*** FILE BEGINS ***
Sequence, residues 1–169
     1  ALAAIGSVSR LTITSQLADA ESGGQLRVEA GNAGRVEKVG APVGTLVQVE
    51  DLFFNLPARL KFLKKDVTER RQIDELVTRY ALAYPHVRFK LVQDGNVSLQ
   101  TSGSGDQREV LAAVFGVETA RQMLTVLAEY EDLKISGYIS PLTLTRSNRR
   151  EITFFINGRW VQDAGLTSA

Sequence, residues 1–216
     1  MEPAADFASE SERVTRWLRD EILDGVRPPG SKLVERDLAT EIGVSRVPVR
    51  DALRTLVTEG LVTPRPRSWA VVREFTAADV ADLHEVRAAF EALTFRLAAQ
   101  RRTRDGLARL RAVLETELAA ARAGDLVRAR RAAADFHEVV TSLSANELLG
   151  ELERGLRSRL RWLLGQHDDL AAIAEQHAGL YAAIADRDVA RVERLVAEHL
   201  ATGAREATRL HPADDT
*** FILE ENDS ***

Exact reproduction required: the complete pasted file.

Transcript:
Sequence, residues 1–169
     1  ALAAIGSVSR LTITSQLADA ESGGQLRVEA GNAGRVEKVG APVGTLVQVE
    51  DLFFNLPARL KFLKKDVTER RQIDELVTRY ALAYPHVRFK LVQDGNVSLQ
   101  TSGSGDQREV LAAVFGVETA RQMLTVLAEY EDLKISGYIS PLTLTRSNRR
   151  EITFFINGRW VQDAGLTSA

Sequence, residues 1–216
     1  MEPAADFASE SERVTRWLRD EILDGVRPPG SKLVERDLAT EIGVSRVPVR
    51  DALRTLVTEG LVTPRPRSWA VVREFTAADV ADLHEVRAAF EALTFRLAAQ
   101  RRTRDGLARL RAVLETELAA ARAGDLVRAR RAAADFHEVV TSLSANELLG
   151  ELERGLRSRL RWLLGQHDDL AAIAEQHAGL YAAIADRDVA RVERLVAEHL
   201  ATGAREATRL HPADDT